U.S. FDA issues final FSMA rule for preventive control for human food
The U.S. Food and Drug Administration (FDA) has published its final rules under the Food Safety Modernisation Act (FSMA).
Signed into law by U.S. President Obama in January 2015, the FSMA strengthens the food safety system in the U.S. by employing a proactive approach intended to prevent food safety problems from occurring, rather than relying on reactive strategies such as product recalls. The law also gives the FDA expanded enforcement authority over both domestically-produced and imported foods.
The final rules require that food facilities covered under the scope of the FSMA must establish and implement a food safety system that includes a hazard analysis, risk-based preventative controls, and a written food safety plan. The final rules also clarifies the definition of a “farm", establishes more flexible requirements for supply-chain programmes, and updates current good manufacturing practices.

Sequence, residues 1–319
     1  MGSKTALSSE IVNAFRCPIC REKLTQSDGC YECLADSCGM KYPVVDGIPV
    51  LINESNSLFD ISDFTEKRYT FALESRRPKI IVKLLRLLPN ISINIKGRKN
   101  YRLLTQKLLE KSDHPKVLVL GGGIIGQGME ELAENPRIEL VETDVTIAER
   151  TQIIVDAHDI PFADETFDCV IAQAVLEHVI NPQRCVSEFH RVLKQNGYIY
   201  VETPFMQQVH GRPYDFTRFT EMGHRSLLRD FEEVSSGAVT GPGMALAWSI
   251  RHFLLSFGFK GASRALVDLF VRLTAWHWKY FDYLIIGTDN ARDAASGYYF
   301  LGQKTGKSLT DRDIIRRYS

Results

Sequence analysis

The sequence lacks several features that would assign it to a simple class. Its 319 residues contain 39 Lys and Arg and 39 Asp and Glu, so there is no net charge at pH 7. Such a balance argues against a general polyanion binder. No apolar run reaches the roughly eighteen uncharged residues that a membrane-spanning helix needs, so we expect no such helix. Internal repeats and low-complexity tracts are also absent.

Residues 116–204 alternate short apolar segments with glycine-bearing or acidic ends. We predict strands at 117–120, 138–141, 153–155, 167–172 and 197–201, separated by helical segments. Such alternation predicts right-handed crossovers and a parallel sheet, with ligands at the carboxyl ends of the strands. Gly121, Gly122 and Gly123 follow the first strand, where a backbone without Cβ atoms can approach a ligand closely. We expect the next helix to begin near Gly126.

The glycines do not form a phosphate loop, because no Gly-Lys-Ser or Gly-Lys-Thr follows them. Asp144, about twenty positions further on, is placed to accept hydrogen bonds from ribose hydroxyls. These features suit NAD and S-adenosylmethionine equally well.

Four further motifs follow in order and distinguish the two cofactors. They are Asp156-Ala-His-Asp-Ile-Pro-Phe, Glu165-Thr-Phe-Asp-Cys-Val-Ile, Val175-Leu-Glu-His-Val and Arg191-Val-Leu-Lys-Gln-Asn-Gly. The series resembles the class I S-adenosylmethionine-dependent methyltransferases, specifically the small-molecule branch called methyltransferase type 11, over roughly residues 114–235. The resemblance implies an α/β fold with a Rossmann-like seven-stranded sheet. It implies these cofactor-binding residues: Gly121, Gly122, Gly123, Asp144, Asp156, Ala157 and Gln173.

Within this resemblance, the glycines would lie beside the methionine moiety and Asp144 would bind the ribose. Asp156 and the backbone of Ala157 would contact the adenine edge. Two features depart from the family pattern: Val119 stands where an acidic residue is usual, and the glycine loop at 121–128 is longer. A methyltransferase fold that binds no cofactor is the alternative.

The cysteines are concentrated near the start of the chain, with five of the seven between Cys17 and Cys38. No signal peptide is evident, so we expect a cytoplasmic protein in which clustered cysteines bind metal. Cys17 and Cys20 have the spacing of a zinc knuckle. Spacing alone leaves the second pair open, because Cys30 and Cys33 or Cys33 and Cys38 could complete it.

Compliance with the provisions of the new rules begins as early as September 2016 for most businesses. Small businesses (defined as those companies with fewer than 500 full-time employees) will have two years to achieve compliance, while very small businesses (defined as those with less than $1 million per year in annual sales) will have three years.
Additional details regarding the FDA’s GMP and prevention control rules are available here.